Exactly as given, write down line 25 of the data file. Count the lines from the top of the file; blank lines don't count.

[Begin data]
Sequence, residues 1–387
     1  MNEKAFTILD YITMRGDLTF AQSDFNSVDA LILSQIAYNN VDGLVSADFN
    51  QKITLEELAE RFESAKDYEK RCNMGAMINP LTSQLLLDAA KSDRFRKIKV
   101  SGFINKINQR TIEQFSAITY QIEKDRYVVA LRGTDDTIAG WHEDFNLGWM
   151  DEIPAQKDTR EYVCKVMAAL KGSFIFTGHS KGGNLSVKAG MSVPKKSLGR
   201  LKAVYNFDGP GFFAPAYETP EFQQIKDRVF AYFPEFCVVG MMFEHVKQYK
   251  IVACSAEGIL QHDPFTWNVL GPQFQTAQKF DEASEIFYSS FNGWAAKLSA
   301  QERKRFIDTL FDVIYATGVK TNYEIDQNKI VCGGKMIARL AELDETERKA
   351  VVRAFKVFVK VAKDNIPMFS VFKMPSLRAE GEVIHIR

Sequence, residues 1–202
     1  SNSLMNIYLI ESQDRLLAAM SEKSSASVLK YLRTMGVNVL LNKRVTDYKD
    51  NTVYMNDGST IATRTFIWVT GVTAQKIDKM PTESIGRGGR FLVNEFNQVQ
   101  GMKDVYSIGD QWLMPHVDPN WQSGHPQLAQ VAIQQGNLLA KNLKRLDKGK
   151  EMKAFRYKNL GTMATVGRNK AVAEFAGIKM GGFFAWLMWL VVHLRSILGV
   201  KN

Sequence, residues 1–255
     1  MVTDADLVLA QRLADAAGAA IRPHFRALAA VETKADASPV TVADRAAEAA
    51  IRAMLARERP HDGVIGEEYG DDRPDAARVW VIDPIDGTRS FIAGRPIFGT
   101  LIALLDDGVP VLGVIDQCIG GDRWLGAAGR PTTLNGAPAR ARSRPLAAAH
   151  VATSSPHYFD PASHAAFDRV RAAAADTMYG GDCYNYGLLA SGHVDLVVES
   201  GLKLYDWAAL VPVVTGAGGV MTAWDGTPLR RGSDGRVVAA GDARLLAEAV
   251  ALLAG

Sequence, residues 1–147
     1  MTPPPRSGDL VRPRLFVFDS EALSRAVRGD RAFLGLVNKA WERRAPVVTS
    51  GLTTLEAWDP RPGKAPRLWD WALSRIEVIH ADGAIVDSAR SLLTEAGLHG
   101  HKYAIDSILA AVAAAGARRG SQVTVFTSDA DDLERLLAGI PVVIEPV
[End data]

    51  GLTTLEAWDP RPGKAPRLWD WALSRIEVIH ADGAIVDSAR SLLTEAGLHG